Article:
By Barbara LaBier
Leaders in public, private, and nonprofit sectors fail to become exceptional leaders because they overemphasize personal goals at the expense of others according to researchers.
Barriers to success include:
Failure to Commit
As a manger you may be protecting yourself instead of supporting members of the team and making customers happy. Emerging leaders are advised to minimize scanning the horizon for predators and pay attention to others or an entire team. At this point in your career, capture the skills and resources that you’re missing to accomplish your goals.
Protection of Your Public Image
Many ambitious people choose between image and impact. Sometimes they are so busy creating a persona of the leader they would like to be that they fail to act as one. The best strategy is to help others achieve their goals and forget about appearing as a perfect leader in every situation.
Turning Competitors into Enemies
Turning negative relationships into toxic behavior carries significant leadership costs.
Distorting responses from other people you don’t like limits your view of reality and prevents valuable chances to collaborate. The better alternative is to listen to the other side of the story and turn revaluation into collaboration.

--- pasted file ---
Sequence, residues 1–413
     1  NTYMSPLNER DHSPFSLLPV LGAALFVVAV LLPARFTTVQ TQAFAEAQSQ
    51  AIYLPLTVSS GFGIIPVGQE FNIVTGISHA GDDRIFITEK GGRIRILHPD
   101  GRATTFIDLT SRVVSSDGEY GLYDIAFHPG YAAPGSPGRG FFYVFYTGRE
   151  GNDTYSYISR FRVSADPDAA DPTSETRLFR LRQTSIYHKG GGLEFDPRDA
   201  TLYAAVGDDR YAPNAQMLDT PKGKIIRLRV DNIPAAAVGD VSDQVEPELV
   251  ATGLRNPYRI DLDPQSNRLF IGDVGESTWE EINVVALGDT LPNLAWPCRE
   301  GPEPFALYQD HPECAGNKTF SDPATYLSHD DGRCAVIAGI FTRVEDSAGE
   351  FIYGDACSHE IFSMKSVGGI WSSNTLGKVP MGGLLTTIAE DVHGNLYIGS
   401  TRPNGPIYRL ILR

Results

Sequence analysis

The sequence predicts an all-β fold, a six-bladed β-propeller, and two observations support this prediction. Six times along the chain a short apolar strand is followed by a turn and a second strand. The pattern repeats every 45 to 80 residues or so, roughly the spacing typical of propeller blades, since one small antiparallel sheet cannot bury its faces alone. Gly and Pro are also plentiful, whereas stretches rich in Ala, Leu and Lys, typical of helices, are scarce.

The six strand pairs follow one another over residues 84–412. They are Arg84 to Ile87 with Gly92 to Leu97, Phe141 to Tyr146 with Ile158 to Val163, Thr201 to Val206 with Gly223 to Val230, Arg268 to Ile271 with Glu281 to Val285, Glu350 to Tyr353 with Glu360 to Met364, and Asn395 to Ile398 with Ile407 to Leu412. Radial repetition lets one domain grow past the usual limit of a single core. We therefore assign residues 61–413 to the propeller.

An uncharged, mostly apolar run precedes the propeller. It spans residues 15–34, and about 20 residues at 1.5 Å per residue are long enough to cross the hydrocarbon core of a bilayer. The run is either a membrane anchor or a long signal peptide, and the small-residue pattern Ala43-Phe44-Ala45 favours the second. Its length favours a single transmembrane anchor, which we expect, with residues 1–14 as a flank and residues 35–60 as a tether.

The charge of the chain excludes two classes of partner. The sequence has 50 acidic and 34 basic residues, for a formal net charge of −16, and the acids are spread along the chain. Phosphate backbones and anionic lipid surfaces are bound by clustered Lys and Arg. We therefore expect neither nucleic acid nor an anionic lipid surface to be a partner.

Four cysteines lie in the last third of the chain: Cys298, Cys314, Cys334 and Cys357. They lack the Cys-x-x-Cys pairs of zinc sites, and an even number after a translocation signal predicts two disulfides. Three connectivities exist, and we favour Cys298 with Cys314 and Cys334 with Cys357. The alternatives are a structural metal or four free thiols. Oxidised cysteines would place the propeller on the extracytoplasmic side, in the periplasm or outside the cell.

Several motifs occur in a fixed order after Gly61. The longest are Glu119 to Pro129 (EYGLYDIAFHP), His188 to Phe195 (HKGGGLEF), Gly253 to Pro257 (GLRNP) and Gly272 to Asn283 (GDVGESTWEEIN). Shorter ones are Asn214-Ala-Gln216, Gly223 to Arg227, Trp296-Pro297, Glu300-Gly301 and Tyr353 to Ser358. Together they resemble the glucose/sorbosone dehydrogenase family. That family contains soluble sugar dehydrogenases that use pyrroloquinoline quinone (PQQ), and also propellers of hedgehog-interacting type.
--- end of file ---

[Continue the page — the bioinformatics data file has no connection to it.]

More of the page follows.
Going It Alone
People opt-out of leadership roles because the road is unsafe. Learning how to cope with your own fears is necessary and can be mitigated by relying on the advice of your “team” comprised of family, friends or mentors that help provide perspective, grounding and faith. Find others who believe in your desire and ability to lead and cherish them.
Waiting for Permission
While patience is the main ingredient in discipline and hope, it can also be a curse for emerging leaders. Potential can be undermined because we can be persuaded to continue to wait for someone to recognize our achievements and give us more authority. Generally influence leads to power so we are advised not to wait for the powers that be to anoint us but to take the chance to initiate change.
The information for this article was excerpted from Harvard Business Review January-February 2011